WASHINGTON — Heralding a “new chapter of American greatness,” President Donald Trump stood before Congress for the first time Tuesday night and issued a broad call for creating new jobs, overhauling the nation’s health care system and significantly boosting military spending.
Striking an optimistic tone, Trump declared: “The time for small thinking is over.”
Trump’s address came at a pivotal moment for a new president elected on pledges to swiftly shake up Washington and follow through on the failed promises of career politicians. His opening weeks in office have been consumed by distractions and self-inflicted wounds, including the bungled rollout of a sweeping immigration and refugee executive order that was blocked by the courts.
Ahead of his signing of a revamped order, Trump said, “Those given the high honor of admission to the United States should support this country and love its people and its values.”
Trump sent unexpectedly mixed messages on immigration, one of his signature campaign issues. He pledged to vigorously target people living in the U.S. illegally who “threaten our communities and prey on our citizens.” But he told news anchors before his speech that he was open to legislation that could provide a pathway to legal status, and he told Congress he believed “real and positive immigration reform is possible.”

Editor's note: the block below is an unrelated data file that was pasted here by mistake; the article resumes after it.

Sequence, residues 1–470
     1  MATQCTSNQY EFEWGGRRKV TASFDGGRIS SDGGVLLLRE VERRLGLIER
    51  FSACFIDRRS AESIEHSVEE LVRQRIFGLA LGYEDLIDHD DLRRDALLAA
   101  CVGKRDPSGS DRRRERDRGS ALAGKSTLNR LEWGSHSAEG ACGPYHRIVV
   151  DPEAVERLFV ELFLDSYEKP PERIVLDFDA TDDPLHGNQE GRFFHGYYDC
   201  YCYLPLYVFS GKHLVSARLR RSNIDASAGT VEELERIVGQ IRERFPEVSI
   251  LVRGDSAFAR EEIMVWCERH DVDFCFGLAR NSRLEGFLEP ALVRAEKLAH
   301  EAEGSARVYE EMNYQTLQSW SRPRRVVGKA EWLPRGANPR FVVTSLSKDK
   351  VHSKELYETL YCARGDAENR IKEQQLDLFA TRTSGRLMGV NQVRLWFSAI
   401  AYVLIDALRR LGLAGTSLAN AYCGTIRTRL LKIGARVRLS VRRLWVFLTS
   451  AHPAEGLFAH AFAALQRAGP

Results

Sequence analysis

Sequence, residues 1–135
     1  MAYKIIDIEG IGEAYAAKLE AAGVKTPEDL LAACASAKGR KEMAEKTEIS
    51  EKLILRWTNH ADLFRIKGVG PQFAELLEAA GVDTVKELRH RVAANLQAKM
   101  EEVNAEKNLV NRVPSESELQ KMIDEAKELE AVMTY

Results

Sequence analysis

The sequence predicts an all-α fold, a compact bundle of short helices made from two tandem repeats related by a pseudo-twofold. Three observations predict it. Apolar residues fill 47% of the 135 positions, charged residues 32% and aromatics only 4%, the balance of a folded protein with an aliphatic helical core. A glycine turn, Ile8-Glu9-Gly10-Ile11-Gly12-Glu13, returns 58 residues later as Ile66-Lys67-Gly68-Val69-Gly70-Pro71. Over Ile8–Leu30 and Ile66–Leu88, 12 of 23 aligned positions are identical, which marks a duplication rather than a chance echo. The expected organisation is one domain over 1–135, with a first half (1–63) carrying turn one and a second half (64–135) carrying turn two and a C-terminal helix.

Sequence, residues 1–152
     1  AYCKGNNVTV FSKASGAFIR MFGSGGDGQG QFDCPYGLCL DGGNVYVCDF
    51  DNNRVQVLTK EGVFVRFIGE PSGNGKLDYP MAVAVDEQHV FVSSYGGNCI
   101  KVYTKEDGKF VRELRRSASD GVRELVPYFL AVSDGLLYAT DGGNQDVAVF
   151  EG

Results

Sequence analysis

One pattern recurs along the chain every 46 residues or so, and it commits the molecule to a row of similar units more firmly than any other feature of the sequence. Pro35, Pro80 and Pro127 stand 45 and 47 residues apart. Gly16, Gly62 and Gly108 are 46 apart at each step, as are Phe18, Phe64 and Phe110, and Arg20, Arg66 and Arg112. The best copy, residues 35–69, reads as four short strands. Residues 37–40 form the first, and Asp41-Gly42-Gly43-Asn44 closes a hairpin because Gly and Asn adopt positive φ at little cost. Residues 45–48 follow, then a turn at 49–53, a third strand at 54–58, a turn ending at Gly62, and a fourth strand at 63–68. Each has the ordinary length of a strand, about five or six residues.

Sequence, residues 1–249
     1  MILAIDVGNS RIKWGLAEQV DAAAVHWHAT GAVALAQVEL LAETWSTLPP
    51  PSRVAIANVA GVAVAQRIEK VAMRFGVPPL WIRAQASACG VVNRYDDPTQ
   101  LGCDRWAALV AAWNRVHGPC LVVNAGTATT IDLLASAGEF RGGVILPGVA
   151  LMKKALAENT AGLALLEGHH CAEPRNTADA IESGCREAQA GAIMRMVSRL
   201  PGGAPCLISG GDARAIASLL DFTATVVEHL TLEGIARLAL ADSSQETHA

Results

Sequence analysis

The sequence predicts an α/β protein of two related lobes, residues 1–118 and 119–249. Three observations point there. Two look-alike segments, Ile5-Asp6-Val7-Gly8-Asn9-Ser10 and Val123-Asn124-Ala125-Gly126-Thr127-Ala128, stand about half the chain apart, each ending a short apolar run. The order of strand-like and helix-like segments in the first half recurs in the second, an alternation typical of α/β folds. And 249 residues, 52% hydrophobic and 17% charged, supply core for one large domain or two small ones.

The president was greeted by enthusiastic applause as he entered the House chamber, though it was filled with Democrats who vigorously oppose his policies and many Republicans who never expected him to be elected. Most Republican lawmakers have rallied around him since the election, hopeful that he will act on the domestic priorities they saw blocked during President Barack Obama’s eight years in office.
First lady Melania Trump sat with special guests who were on hand to amplify the president’s agenda, including the widows of two California police officers killed by a man living in the country illegally. The widow of former Supreme Court Justice Antonin Scalia also sat alongside Mrs. Trump, a reminder of the president’s well-received nomination of federal appeals court Judge Neil Gorsuch to fill Scalia’s seat.
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